felt very much at ease with Reverend Ames. It was pleasant work,
spending time in his company."
Pleasant when Ames is preaching, which is his style, and even
when he's not. Seen through a lens of Monty Python's Flying Circus, or
The Vicar of Dibley, the
notion of the sermon is discredited at best, comic at worst. But
Robinson locates it as a distinguished literary form. It is
neither fact nor fiction, but inspiring spiritual rhetoric, in
which a new moment is conjured up that transforms every other
Sermons are sacramental, not sentimental. She cites Calvin, who,
taking the Greek into Latin, translated logos as sermo, root for the English word,
"The word implies an act - not something inert, but the act of
speaking; so this whole Christology is built around this idea of
the act of speaking, and this creates an enormous sanctity around
that moment. So there is the presumed application to be very
serious - in the sense of communicating in absolute good faith -
and then there is the implied obligation for the congregation to
hear in good faith."
And on a good day? "When the sermon is good, when it has really
grasped something, that is a very moving moment - something
AND something happens reading Ames, a man whose goodness and
mercy threaten dour old Calvinism with a long overdue makeover. "My
man!" laughs Robinson at the suggestion, but she takes the project
seriously. In her new collection of essays, When I Was a Child I Read Books,
she offers an extended study of the 16th-century reformer as
someone essential to American liberalism.
"I think, if people actually read Calvin, rather than read Max
Weber, he would be rebranded. He is a very respectable thinker. And
one of the crucial things he brings to me, is that the encounter
with another being is an . . . occasion in which you can, to the
best of your ability, honour the other person as being someone sent
to you by God."
She maintains that - behind the one-dimensional,
fire-and-brimstone iconoclast of popular lore - there is a way to
read Calvin which will change the way we see everyone.
"He says that, if a person offends you, Christ is waiting to
take the guilt of the offence on himself; so you have to consider
the other person, in a sense, exonerated, even in the course of
his offence towards you. [There] is always the question 'what does
God want out of this situation?' To me this is extremely
beautiful - in a way, the most beautiful articulation of the
Christian ethic I have ever seen."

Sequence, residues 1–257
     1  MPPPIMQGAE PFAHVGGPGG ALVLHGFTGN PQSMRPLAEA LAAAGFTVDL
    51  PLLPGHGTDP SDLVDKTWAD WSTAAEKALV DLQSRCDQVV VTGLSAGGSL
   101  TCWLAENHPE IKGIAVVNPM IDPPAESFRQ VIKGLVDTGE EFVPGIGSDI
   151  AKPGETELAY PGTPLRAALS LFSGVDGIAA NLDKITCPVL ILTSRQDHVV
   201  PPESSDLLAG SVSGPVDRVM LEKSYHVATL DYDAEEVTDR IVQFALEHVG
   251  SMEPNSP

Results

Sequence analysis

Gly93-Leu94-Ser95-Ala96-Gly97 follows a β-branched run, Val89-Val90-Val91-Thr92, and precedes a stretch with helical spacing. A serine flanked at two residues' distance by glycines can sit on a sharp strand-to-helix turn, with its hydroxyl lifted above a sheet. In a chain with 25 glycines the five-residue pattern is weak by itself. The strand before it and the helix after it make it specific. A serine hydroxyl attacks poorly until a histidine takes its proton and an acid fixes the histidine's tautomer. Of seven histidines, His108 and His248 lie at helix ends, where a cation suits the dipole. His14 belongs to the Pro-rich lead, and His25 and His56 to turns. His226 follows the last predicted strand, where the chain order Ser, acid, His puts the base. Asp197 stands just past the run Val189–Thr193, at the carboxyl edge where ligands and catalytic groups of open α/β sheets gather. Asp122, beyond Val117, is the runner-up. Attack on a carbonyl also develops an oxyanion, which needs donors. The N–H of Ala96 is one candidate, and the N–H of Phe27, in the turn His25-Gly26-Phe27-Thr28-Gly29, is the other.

Robinson argues that this belief, that every voice matters, is
at the heart of the American ideal. "To identify sacred mystery
with every individual experience, every life . . . is to arrive at
democracy as an ideal."
BUT can this grow from Calvin, in his "Taliban hat", as the poet
Les Murray captures him; the name, above all names, to whip up the
polluting smog of predestination?
"Which is so bizarre," Robinson says, anticipating the
objection. "I'm always listing them - Augustine, Ignatius of
Loyola, Luther - all these people have defended predestination,
sometimes at great length, sometimes very discreetly, and Calvin
also defends the idea, but he is only in the stream of theological
"I mean, you couldn't even make an argument that is dismissive
of this problem, unless you had not read the Bible - because there
is a great deal in the Bible that encourages precisely that
understanding, and everyone that defends it defends it on the basis
of scripture. So it's a red herring. To say that, if you are not a
Calvinist, then you have escaped that problem - that's not
So, Calvin is more of a mystic and less of a muggle than we
realise? "Exactly. He is somewhere between a mystic and a
metaphysician, and his intellectual tradition is very fertile, from
the point of view of great poetry, from Milton to Emily Dickinson,
great literature in general, that runs exactly along that line
between metaphysics and mysticism. I would like to see him
BORN in the town of Sandpoint, Idaho, in 1943, Robinson went
East after school, to study at Pembroke College - and returned to
the West to take a Ph.D. in English Literature at the University
of Washington. She has called the Idaho of her childhood the "least